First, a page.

Collaboration 1.0 • Focus on content • People find content on web sites and portals • High security on web documents and content • Seats and licenses • F2F is best for meetings • Interact w/ colleagues • Search (Google) is king Collaboration 2.0 • Focus on interacting or sharing content • People pull content through tags • Blogs, wikis and transparency • SaaS (Software as a Service) • “Move bits not butts” • Web/data conferencing • Customer as partner

©2009 Collaborative Strategies

Embracing Web 2.0
• • • • • • • Participation Transparency Accountability Self policing Collaboration vs. Security Mash-ups Working outside the firewall
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Stages of Evolution for Collaboration in the Enterprise
Stages of Adoption Stage 1: Traditional Collaboration Stage 2: Specific Application Stage 3: Collaborative Proliferation Stage 4: Consolidation Collaborative Technology Telephone Audio, video, and data conferencing Multiple audio, video, and data conferencing tools Standardize on SIP/Simple or XMPP Standard tools in place Example Face-to-face meetings EIM, IM, Chat, and presence detection Yahoo!, MSN, AOL, Google, etc. One client for all IM clouds Integration with mobile environments Technology E-mail Virtual team spaces Groove, eRoom, WebOffice, etc. Common Virtual Team Space for everyone Standard desktop and Web interface for anyone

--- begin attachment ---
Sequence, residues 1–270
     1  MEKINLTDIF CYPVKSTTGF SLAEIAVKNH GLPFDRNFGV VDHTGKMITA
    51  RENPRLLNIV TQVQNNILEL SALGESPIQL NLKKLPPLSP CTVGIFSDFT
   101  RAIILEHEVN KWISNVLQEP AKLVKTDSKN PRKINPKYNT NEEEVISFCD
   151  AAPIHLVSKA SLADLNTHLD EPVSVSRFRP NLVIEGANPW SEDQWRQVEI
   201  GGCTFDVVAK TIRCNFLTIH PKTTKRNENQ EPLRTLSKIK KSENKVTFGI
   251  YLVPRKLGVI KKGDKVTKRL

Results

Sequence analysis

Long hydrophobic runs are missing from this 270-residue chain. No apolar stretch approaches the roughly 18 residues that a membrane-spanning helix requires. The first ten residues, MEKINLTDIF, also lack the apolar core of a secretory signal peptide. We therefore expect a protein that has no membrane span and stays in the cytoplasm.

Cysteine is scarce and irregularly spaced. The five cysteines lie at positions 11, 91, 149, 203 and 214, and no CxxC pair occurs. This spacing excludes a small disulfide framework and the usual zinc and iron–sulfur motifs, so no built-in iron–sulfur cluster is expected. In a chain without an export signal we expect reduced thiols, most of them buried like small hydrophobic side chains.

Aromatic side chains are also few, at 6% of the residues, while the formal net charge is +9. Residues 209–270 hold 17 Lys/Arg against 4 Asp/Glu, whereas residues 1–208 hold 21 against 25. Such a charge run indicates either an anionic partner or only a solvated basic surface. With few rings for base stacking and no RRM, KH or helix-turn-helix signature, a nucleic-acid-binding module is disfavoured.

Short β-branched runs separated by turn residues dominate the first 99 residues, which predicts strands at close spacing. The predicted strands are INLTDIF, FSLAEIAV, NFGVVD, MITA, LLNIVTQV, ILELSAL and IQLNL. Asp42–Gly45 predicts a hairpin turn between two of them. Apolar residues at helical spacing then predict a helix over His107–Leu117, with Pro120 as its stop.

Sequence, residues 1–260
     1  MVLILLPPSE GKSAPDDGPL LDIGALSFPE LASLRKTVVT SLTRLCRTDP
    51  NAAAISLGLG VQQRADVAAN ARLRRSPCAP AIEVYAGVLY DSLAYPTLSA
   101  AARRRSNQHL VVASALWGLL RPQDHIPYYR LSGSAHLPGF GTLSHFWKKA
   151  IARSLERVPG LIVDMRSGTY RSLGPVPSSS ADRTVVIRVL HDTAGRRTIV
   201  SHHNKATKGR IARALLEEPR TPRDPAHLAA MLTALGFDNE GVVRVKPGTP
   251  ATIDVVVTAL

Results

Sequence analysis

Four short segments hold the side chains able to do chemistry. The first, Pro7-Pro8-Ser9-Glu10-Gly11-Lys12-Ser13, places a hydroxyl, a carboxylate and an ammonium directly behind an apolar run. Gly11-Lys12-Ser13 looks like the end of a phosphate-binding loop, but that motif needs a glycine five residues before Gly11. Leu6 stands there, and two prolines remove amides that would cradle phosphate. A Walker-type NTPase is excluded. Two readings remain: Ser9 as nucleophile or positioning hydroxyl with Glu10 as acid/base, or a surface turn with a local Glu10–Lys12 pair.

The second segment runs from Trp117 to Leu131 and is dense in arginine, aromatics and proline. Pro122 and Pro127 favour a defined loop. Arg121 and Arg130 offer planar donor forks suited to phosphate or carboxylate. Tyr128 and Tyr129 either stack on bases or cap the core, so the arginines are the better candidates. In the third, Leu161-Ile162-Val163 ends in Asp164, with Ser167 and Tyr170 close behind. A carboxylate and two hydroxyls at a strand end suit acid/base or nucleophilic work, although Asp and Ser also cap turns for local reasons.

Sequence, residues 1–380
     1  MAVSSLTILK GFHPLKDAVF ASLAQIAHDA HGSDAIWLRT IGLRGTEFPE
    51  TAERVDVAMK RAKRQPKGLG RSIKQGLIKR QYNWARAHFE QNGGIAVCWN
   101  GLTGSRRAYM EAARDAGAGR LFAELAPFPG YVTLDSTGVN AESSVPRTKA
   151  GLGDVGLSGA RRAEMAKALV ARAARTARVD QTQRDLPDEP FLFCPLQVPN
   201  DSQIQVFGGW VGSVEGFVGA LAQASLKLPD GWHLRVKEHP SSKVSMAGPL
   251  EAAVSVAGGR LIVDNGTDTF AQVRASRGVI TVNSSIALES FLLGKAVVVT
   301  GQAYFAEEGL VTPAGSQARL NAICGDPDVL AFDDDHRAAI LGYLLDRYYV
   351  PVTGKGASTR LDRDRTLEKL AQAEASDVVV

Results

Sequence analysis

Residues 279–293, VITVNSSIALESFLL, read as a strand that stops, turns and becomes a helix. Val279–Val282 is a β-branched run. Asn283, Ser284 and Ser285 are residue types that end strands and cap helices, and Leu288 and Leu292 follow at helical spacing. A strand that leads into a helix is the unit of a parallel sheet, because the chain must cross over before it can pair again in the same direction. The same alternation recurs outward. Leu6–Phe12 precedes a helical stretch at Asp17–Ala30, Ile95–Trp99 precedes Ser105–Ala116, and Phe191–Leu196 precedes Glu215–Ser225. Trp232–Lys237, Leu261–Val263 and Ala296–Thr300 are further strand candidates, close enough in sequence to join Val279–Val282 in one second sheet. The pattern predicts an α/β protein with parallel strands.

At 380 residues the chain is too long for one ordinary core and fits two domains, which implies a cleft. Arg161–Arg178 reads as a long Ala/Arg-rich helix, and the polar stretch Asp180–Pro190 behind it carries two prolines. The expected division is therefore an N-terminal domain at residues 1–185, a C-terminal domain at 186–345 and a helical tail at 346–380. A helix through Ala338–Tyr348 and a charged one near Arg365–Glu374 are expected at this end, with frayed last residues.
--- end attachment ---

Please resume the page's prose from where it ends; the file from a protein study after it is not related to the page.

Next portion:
Stage 5: Virtual Work Environment

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What Stage of Collaborative Evolution is Your Organization In?
• • • • Stage 1- Classic collaboration tools Stage 2- Exploring new collaboration tools Stage 3- Proliferation of collaboration tools Stage 4 – Consolidation/standardization of collaboration tools • Stage 5 – Virtual working (Collaboration 2.0)
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Holistic Approach to Collaboration

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Generational Differences
• • • • Seniors – “loose lips sink ships” Boomers – e-mail and phone (1 on 1) Gen X- IM and chat (faster) Gen Y – Work in groups, teams communities, collaboration is critical – don’t like e-mail, too slow – Chat/IM/SMS, – the Twitter Generation